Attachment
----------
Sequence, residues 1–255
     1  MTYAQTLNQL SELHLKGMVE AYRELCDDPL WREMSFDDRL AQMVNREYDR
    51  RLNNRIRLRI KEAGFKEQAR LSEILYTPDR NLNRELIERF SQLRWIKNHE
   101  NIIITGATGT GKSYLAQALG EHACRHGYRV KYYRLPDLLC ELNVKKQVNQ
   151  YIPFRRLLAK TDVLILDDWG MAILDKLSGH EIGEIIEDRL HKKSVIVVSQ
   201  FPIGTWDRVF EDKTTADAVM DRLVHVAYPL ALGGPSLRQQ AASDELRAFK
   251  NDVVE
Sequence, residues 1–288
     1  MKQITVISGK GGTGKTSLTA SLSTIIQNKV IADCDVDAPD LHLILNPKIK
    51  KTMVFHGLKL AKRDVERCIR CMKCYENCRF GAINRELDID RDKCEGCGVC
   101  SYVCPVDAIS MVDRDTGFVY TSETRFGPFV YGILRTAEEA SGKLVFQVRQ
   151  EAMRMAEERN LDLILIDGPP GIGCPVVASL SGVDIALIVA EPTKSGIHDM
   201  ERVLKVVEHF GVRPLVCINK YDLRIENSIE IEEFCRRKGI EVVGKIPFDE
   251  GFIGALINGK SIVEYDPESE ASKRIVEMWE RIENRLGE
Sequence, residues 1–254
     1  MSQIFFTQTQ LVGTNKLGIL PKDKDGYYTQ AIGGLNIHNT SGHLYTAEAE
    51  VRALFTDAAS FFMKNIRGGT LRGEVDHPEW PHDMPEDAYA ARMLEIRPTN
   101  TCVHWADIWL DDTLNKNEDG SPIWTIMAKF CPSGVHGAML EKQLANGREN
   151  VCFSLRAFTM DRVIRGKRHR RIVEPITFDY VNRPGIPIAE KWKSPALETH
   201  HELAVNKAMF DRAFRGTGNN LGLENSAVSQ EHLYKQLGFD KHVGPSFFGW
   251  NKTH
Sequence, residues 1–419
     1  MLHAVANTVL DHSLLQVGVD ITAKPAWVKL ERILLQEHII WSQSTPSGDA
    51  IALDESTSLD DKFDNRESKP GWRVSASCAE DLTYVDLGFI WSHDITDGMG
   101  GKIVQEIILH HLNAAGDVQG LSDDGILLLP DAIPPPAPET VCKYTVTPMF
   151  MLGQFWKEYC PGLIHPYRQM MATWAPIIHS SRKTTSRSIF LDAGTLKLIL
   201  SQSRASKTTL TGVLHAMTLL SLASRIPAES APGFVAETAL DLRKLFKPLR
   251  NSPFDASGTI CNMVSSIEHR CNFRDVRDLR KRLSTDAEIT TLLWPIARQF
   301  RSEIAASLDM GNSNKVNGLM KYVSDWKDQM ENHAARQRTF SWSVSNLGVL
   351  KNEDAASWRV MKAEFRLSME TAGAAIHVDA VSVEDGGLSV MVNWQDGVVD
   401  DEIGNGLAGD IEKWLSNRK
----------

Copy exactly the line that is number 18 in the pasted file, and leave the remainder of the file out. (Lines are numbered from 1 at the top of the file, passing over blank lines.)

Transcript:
   101  TCVHWADIWL DDTLNKNEDG SPIWTIMAKF CPSGVHGAML EKQLANGREN